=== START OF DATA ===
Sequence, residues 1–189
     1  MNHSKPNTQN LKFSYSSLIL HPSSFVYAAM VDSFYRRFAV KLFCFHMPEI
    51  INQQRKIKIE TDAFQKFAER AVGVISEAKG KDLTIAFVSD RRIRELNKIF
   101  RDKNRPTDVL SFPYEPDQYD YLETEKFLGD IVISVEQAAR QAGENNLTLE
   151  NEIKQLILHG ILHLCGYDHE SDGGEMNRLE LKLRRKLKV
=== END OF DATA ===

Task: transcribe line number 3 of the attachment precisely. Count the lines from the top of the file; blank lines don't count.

    51  INQQRKIKIE TDAFQKFAER AVGVISEAKG KDLTIAFVSD RRIRELNKIF